Here is some stuff in the news today...
Congratulations to Senator Bernie Sanders for winning the Wyoming caucus! He is the first Jewish presidential candidate ever to do so! Wyoming has only 14 delegates, and Sanders and Hillary Clinton each walked away with 7 of them. Here's an explanation of how that happened, for anyone who's interested in how the process works.
I haven't been mentioning a lot of endorsements for Clinton and Sanders, for a number of reasons, but I think this one is newsworthy: "Rep. Elijah E. Cummings (D-Md.) endorsed Hillary Clinton on Sunday, after months of staying neutral in the presidential contest because of his post as the ranking Democrat on the House Committee on Oversight and Government Reform." It's notable (to me) not so much in that Cummings is endorsing Clinton over Sanders, but because he was the ranking Democrat on the Congressional Benghazi panel that questioned Clinton for 11 hours, and his endorsement ought to matter to people for whom that's an issue. (But probably won't!)
Whoooooooooooooops! "While plenty of New Yorkers say they'll cast their votes for native son Donald Trump in next week's Republican primary contest, two of Trump's own kids won't be among them. Trump confirmed in a Monday call-in to Fox News his children Ivanka, 34, and Eric, 32, never registered to vote in New York's closed primary." Sad trombone!
[Content Note: Class warfare] This is what class warfare looks like: "The Rich Live Longer Everywhere. For the Poor, Geography Matters." And, of course, it's not just geography, but the specific reasons that certain locations in the US are more conducive to supporting poor people's health (and which poor people).
[CN: Racism; class warfare] A report out of California details yet another example of how the (over)use and enforcement of municipal violations disproportionately affects people of color: "African Americans and Latinos in California are more likely than others to lose their driver's licenses because of unpaid tickets and then to be arrested for driving with suspended licenses, according to a report released Monday. The report, by the Lawyers Committee for Civil Rights of the San Francisco Bay Area, examined U.S. Census Bureau data, records from the California Department of Motor Vehicles and information from 15 police and sheriff's departments in the state to document by race the impact of unpaid traffic fines. 'Individuals who cannot afford to pay an infraction citation are being arrested, jailed, and prosecuted, and are losing their licenses and their livelihoods,' the report said. 'The communities impacted by these policies are disproportionately communities of color.' Black drivers were found to be arrested at higher rates than whites for driving with licenses suspended because of unpaid tickets, the report said. The highest suspension rates in 2014 were found in poor neighborhoods with large percentages of black and Latino residents."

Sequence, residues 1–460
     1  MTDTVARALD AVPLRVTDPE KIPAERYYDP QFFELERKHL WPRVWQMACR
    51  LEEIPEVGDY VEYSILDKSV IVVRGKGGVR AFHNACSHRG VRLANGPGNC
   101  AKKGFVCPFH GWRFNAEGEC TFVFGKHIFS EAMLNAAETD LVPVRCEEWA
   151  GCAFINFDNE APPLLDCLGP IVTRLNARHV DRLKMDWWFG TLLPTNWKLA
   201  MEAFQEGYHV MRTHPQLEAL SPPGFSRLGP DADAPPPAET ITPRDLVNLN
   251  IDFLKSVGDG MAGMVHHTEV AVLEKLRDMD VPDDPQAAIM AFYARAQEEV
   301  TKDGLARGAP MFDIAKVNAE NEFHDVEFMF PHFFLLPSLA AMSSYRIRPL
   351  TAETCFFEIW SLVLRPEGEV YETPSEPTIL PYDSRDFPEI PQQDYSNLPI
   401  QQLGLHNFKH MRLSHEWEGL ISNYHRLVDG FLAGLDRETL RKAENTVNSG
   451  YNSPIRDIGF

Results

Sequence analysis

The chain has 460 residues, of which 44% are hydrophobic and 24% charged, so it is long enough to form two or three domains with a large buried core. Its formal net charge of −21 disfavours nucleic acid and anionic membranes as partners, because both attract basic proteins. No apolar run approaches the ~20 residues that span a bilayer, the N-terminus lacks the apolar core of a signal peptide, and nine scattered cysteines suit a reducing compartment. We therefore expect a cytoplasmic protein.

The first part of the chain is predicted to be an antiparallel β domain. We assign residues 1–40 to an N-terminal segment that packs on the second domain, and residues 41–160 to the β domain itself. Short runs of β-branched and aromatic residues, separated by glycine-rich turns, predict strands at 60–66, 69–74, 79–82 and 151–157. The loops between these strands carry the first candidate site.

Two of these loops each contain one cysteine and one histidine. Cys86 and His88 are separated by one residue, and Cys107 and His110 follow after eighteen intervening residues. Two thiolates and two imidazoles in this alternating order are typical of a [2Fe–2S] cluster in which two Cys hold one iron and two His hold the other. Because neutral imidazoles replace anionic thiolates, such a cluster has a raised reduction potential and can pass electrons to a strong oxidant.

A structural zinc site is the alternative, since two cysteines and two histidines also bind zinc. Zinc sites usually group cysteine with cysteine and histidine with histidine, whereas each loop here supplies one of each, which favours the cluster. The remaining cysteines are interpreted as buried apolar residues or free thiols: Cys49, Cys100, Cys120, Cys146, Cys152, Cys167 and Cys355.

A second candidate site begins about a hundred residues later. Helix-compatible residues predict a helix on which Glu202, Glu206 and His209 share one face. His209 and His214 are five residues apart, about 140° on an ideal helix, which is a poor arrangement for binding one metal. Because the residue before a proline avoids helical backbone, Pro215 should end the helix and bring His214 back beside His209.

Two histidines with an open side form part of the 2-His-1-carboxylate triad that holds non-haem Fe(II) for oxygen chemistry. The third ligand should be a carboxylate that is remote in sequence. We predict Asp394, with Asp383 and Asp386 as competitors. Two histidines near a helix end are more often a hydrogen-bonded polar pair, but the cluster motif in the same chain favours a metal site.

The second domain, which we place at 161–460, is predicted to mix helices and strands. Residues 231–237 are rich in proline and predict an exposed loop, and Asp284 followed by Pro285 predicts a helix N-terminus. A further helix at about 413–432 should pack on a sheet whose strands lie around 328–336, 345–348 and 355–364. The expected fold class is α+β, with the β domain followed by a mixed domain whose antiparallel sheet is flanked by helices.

Again I will recommend [CN: video autoplays] this John Oliver segment on municipal violations if you haven't yet seen it. It does a really good job of explaining how municipal violations are (mis)used, are unequally enforced, and can ruin people's lives, just because they don't have the money to pay the original fine.